Ulcerative colitis (UC) is a chronic disease of the rectal and colon mucosa (inner tissue), causing severe inflammation (swelling) and ulcerations (open sores). UC does not affect any other area of the gastrointestinal (GI) tract. UC starts just inside the anus, where the rectal tissue begins, and it will creep up the large bowel (colon) from there. It can affect just the rectum, but more commonly, it will affect a larger portion of the colon, increasing the severity of symptoms.
Symptoms of UC
UC is characterized by periods of fewer or even no symptoms, followed by periods of increased, more intense symptoms – known as “flares.” Symptoms of UC flares can include:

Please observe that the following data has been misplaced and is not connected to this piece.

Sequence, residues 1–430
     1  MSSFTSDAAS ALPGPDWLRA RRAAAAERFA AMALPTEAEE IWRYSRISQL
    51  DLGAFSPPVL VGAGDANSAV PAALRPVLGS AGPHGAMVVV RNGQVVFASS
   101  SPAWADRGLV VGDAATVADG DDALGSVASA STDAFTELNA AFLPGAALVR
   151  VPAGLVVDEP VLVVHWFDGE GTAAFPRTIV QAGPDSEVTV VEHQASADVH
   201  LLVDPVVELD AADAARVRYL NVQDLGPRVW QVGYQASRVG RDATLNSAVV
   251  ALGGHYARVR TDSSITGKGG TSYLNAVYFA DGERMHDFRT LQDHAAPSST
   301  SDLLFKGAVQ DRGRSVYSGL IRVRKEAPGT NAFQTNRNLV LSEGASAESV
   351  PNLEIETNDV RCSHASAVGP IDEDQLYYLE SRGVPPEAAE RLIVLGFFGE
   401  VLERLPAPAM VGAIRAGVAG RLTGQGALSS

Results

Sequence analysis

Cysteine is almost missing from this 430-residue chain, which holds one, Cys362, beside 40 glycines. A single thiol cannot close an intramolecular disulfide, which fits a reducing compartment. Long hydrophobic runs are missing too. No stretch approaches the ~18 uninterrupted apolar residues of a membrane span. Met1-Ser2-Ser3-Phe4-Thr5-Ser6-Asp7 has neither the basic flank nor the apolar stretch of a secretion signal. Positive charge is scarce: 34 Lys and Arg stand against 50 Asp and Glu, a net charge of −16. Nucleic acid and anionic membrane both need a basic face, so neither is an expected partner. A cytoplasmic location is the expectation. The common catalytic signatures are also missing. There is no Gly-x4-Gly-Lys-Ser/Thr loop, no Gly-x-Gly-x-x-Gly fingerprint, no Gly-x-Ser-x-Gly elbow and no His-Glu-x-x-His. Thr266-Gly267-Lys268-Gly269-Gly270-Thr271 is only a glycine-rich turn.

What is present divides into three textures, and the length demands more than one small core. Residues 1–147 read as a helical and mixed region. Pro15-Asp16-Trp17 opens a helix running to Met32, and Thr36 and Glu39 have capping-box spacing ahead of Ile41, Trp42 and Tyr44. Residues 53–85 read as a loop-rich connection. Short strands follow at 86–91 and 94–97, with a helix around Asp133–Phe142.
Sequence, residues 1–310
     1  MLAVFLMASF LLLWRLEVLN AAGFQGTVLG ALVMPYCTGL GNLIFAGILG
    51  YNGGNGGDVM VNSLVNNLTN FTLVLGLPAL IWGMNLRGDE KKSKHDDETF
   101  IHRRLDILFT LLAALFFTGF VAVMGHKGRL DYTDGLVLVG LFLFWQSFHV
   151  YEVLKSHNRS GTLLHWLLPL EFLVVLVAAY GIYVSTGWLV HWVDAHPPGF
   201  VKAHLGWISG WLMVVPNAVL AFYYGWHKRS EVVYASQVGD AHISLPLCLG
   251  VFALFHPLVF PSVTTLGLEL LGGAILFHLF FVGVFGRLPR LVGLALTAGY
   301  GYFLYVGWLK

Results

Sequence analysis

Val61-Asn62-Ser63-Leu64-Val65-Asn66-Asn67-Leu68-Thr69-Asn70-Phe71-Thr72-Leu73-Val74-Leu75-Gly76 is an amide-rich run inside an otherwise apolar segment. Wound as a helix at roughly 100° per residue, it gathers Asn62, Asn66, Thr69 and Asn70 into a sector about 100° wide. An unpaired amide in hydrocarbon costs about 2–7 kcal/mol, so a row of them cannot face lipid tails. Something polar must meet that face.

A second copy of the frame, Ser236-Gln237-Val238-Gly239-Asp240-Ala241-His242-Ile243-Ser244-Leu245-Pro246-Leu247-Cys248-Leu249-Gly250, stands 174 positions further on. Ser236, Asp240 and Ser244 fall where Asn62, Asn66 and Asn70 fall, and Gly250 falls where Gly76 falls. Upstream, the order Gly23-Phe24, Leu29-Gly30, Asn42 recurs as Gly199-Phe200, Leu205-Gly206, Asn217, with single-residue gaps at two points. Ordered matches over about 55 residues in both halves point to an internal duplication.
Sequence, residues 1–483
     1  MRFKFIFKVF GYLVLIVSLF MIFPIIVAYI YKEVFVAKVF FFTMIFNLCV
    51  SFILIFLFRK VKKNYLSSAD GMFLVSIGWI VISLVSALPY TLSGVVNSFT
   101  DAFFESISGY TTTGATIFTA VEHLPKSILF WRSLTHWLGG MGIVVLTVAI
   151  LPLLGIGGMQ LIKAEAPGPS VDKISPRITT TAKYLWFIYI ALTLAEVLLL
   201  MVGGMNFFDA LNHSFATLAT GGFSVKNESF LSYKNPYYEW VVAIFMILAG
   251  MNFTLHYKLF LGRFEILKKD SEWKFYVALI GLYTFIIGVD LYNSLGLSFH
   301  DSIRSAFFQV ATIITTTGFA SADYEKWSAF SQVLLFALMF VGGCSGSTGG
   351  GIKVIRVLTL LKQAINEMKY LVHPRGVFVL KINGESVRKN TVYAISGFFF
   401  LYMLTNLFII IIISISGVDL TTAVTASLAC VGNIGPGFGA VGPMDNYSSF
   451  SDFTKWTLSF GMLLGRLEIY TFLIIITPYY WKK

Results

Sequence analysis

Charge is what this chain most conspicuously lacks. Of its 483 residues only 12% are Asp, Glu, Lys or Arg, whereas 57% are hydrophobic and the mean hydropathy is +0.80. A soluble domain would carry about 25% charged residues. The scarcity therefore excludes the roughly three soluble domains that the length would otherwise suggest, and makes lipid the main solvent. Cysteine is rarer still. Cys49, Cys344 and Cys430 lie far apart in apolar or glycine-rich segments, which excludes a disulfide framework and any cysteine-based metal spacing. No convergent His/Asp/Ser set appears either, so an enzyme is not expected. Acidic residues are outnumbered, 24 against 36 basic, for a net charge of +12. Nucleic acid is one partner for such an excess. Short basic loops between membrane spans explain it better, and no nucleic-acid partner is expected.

- Crampy abdominal or rectal pain
- Joint pain
- Rectal bleeding
- Urgency and frequency of diarrhea
- Weight loss
Surgical treatment for UC
Unlike Crohn’s disease, surgery can cure UC. Surgery for UC typically involves removing the entire colon and rectum and connecting an internal pouch (J-pouch) made of the small bowel or connecting an external pouch (ostomy) to collect waste outside the body. In some cases, patients only require surgical removal of the affected areas of their colon and rectum.
Having UC increases your risk for developing colorectal cancer. You may choose to undergo surgery to eliminate your colorectal cancer risk, to avoid needing medications and steroids, or to resolve your UC symptoms.